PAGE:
Louise, are you Irish born? I must say I liked Frank's book a great deal, and never got sidetracked on its accuracy. It certainly had the ring of authenticity. If not, where did those details emerge? I have to admire an imagination as rich as that, in any event.

We are now discussing a wide span of cultural differences and histories. Where you are born no longer connotes a particular culture. The topics from Louise are huge. Referring to the Famine and it's "root" cause and genocide, you have so much more to read and then understand the many issues. Rural life, absentee landlordism, laws created to discourage a flourishing economy of an opposing Irish culture, etc. In a word, the cause of the famine was "indifference", and not due to a blight. In the USA, the Irish not only had the freedom to maintain their culture (music, work, language, religion, etc), but the Irish were able to flourish through education and a banking system that first allowed catholics to obtain a home-ownership mortgage or business loan.  People in Ireland are internationally more diverse now than in the USA now, and in the time period of the book. (circa Post 1932 World Depression?) I studied Irish Architecture while staying in the UCD dorm shared with a chinese woman learning English. One of my points: A Chinese or Turk may have children born in Ireland today, and may call themselves "Irish", yet maintain none of the ancient culture.   Where were you born, Gerry, and what is your cultural heritage?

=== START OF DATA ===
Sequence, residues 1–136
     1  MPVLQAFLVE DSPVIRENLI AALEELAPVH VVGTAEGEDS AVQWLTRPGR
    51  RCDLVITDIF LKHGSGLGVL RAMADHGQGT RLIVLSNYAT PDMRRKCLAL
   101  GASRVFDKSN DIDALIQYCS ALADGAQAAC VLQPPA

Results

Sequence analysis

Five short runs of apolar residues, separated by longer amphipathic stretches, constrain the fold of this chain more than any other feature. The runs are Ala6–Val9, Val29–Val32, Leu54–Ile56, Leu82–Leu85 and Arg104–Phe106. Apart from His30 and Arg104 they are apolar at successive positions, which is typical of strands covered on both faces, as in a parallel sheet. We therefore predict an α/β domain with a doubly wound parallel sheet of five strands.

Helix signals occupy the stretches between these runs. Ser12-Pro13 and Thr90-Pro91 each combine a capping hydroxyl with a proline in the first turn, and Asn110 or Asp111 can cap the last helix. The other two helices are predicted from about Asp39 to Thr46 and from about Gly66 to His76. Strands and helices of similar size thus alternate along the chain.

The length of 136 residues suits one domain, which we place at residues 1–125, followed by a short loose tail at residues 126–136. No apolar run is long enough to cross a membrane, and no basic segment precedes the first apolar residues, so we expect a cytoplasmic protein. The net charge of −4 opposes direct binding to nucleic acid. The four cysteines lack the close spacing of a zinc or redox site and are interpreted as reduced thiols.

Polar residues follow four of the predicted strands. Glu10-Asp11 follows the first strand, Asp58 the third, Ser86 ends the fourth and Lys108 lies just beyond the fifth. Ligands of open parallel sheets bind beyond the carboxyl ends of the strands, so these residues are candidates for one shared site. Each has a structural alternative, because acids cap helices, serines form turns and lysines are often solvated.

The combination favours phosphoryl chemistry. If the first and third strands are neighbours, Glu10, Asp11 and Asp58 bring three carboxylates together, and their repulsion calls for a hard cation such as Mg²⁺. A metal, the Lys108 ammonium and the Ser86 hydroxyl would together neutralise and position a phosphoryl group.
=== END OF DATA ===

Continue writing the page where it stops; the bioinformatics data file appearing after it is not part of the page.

Gerry Regan said:

Louise, are you Irish born? I must say I liked Frank's book a great deal, and never got sidetracked on its accuracy. It certainly had the ring of authenticity. If not, where did those details emerge? I have to admire an imagination as rich as that, in any event.

Maire, I was born in Manhattan, to a then-single Irish-American woman and a Jewish-American father. My mother relinquished me through Catholic Charities, and I was adopted at 3 months of age by my parents, an Irish-American father (Jerry Regan) and Alsatian-Polish New York City-born mother (Evelyn Belinski). I was raised on Long Island, middle-class, comfortable, and attended Catholic schools. I attended Duke University, spending my third undergraduate year at Trinity College Dublin, where I derive my passion for Irish history and culture.



Gerry Regan said: 

Gerry, are you responding to me, Louise, as the previous message was from me, Louise?  If so, let me know, If I have intervened into a conversation you had going with Marie, I am very sorry!  If you are directing it to me, Louise, then I would have more to converse with you?  Slante'  Louise